The Permian-Triassic catastrophe (250 million years ago) was the worst of all five of the mass extinction events to ever have befallen the earth. It eradicated almost 95% of all species, 53% of marine families, 84% of marine genera and an approximated 70% of all land species including plants, insects and vertebrate animals.
Many scientists suspect that the event was the result of a comet or an asteroid colliding with the earth. Others believe that flood volcanism from the Siberian Traps and the associated oxygen loss in the seas was the cause. While others continue to investigate the possibility that thinning levels of atmospheric oxygen caused the eradication of so many species at the time.
But new research findings by University College Dublin scientists published in Science, the journal of the American Association for the Advancement of Science, question the theory of falling oxygen levels as a mechanism for causing the mass extinction events.
To assess the likely atmospheric oxygen levels at the time of the mass extinction events, using purposefully designed walk-in-plant-growth rooms equipped with thermal imaging system and full atmospheric, temperature and humidity control, Dr Claire Belcher and her University College Dublin colleagues spent several months measuring the lower limits of oxygen at which combustion can occur. When the measurements were recorded, they compared their results with the charcoal in the fossil record from ancient times because the charcoal that remains in the fossil record reveals the presence of ancient wildfires which require a sufficient level of oxygen in the air for plants to burn.
“By performing experimental burns using pine wood, moss, matches, paper and a candle at 20°C in varying ranges of oxygen concentrations and comparing these results to the occurrences of fossil charcoal throughout the Mesozoic (250-65 million years ago), we were able to identify that prolonged periods of low oxygen are unlikely to have occurred,” says Dr Claire Belcher from the School of Biology and Environmental Science, University College Dublin, the lead author of the report.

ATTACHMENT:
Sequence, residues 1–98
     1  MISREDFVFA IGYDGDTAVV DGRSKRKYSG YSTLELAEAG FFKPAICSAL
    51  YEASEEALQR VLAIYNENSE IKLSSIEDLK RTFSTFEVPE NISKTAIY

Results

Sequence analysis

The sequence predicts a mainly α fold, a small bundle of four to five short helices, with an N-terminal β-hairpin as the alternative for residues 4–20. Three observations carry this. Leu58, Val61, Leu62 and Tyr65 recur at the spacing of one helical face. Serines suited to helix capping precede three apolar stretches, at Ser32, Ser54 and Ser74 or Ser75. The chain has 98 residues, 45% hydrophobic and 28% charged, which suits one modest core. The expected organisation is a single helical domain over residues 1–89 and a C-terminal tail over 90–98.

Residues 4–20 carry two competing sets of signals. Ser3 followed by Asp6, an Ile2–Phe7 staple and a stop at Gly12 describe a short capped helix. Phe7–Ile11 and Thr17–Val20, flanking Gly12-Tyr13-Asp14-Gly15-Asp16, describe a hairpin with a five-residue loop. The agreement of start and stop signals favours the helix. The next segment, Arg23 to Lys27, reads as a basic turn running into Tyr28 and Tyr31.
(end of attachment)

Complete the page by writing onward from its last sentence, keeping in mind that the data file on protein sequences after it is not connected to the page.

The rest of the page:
“Low oxygen atmospheres, less than 12%, are considered to be the primary driver of at least two of the ‘big five’ mass-extinction events,” explains Dr Belcher. “But our research findings question that hypothesis and highlight the need for more detailed studies of fossil charcoal across these mass extinction events.”
This is the first time that research to identify the lower limit of atmospheric oxygen under which combustion can occur have been conducted within fully controlled and realistic environments. The six walk-in chambers at University College Dublin, funded by EU Marie Curie, enable the realistic reconstruction of environmental conditions from the past.
Dominic Martella | alfa
Enormous dome in central Andes driven by huge magma body beneath it
25.10.2016 | University of California - Santa Cruz
Deep down fracking wells, microbial communities thrive
25.10.2016 | DOE/Pacific Northwest National Laboratory
Terahertz excitation of selected crystal vibrations leads to an effective magnetic field that drives coherent spin motion
Controlling functional properties by light is one of the grand goals in modern condensed matter physics and materials science. A new study now demonstrates how...
Researchers from the Institute for Quantum Computing (IQC) at the University of Waterloo led the development of a new extensible wiring technique capable of controlling superconducting quantum bits, representing a significant step towards to the realization of a scalable quantum computer.
"The quantum socket is a wiring method that uses three-dimensional wires based on spring-loaded pins to address individual qubits," said Jeremy Béjanin, a PhD...
In a paper in Scientific Reports, a research team at Worcester Polytechnic Institute describes a novel light-activated phenomenon that could become the basis for applications as diverse as microscopic robotic grippers and more efficient solar cells.
A research team at Worcester Polytechnic Institute (WPI) has developed a revolutionary, light-activated semiconductor nanocomposite material that can be used...
By forcefully embedding two silicon atoms in a diamond matrix, Sandia researchers have demonstrated for the first time on a single chip all the components needed to create a quantum bridge to link quantum computers together.
"People have already built small quantum computers," says Sandia researcher Ryan Camacho. "Maybe the first useful one won't be a single giant quantum computer...
COMPAMED has become the leading international marketplace for suppliers of medical manufacturing. The trade fair, which takes place every November and is co-located to MEDICA in Dusseldorf, has been steadily growing over the past years and shows that medical technology remains a rapidly growing market.
In 2016, the joint pavilion by the IVAM Microtechnology Network, the Product Market “High-tech for Medical Devices”, will be located in Hall 8a again and will...
14.10.2016 | Event News
14.10.2016 | Event News
12.10.2016 | Event News
25.10.2016 | Earth Sciences
25.10.2016 | Life Sciences
25.10.2016 | Earth Sciences